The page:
The BC Supreme Court recently issued a decision regarding the forfeiture of a family home when that home was found to be offence-related property. In R. v. Nguyen, 2011 BCSC 100, the defendant pled guilty to operating a small marijuana grow operation in the home he shared with his wife and daughter. As part of the process, the Crown applied for an order that the family home be forfeited.
Under the Controlled Drugs and Substances Act, once a person is convicted of a drug-related offence, any property that is used in connection with the commission of that offence is subject to forfeiture to the Minister of Health. However, when the offence-related property is a dwelling, the Court must consider the impact of its forfeiture on other members of the household before making an order.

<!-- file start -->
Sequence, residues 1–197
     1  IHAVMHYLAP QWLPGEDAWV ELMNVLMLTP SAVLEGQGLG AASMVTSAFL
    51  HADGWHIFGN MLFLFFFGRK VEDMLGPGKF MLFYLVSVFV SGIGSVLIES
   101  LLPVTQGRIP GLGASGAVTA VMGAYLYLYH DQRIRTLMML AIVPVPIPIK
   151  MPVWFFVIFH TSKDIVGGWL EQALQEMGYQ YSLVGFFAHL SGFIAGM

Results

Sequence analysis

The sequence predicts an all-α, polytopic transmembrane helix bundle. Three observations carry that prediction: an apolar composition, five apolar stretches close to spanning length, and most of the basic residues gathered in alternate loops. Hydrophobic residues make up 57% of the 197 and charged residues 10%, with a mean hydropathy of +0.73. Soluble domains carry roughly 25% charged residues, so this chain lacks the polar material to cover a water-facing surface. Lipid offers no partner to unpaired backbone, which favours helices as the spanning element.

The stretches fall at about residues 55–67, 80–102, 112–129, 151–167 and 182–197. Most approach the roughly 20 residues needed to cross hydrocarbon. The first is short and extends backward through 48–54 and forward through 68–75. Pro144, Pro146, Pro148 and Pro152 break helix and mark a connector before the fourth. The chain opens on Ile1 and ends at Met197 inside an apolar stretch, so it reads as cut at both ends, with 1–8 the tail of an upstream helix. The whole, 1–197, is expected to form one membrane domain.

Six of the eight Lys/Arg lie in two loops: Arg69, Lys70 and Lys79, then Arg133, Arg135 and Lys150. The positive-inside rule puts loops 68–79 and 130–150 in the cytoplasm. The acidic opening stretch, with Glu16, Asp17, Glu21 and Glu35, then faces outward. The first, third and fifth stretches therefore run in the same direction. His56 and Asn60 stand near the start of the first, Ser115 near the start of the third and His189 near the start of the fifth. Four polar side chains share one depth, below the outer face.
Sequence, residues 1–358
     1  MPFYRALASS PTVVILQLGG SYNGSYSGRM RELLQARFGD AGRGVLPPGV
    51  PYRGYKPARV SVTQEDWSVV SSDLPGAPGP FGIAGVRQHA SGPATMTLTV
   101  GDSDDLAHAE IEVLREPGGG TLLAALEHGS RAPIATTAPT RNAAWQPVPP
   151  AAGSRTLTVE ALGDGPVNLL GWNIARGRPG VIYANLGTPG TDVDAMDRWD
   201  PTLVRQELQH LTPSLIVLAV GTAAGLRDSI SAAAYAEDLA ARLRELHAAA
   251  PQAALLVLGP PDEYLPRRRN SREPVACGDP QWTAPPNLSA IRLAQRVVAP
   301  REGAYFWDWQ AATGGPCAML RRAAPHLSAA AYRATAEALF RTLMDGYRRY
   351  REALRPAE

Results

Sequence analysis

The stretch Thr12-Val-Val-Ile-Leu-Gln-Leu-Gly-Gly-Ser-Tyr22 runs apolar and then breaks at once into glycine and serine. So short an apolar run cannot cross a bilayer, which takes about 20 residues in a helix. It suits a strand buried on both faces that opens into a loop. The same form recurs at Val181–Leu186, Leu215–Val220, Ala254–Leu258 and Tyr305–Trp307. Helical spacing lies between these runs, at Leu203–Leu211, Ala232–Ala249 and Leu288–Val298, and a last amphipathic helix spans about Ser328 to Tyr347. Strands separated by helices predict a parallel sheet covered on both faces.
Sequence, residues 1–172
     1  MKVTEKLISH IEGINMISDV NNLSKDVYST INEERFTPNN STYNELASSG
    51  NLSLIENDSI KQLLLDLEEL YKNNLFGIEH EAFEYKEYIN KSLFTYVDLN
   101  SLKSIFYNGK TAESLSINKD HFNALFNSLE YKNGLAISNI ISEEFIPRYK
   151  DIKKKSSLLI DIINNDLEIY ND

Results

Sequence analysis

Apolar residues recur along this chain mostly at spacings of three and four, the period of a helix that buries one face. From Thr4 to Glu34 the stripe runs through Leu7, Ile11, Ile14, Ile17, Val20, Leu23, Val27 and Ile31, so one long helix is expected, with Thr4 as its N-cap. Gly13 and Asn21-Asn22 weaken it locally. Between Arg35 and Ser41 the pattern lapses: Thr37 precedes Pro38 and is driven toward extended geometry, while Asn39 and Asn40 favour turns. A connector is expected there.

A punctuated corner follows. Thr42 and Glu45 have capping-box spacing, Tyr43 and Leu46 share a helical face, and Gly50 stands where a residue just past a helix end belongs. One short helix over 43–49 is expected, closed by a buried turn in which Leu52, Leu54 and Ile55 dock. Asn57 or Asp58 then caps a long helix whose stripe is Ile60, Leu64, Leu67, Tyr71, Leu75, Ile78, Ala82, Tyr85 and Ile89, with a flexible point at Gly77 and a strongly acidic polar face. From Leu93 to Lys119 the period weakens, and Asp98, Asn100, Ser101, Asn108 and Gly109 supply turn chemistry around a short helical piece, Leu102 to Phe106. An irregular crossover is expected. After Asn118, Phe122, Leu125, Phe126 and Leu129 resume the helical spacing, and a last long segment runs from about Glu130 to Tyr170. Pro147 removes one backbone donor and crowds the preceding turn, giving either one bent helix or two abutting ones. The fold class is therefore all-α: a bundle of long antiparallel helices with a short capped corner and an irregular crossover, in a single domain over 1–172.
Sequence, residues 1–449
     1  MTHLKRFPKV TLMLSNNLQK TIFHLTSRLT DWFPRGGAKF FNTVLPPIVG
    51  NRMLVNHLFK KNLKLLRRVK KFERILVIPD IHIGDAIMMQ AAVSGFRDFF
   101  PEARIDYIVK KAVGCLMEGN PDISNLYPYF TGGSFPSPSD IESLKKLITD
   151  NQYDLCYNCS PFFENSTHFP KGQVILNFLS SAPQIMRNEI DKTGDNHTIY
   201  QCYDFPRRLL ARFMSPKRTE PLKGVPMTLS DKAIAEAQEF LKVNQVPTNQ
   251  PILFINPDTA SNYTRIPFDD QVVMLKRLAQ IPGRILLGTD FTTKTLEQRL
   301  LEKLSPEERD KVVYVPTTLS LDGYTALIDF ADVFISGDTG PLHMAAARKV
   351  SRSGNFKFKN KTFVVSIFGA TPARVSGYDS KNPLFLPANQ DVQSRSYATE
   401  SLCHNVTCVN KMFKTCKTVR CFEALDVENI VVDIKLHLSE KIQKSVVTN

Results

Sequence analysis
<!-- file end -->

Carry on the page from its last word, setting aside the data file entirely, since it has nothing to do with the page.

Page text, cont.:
In this case, the grow operation was confined to a small portion of the home, and there was evidence that the family had built up equity in the property using legitimate income. While the Court did not accept that the wife was completely unaware of her husband’s illegal activities, it was determined that the forfeiture of the entire property would “represent a serious blow” to the offender’s daughter, and the family as a whole. The Court held that total forfeiture of the property would have been disproportionate and instead ordered that one third of the equity in the home, or $105,000, was to be forfeited.
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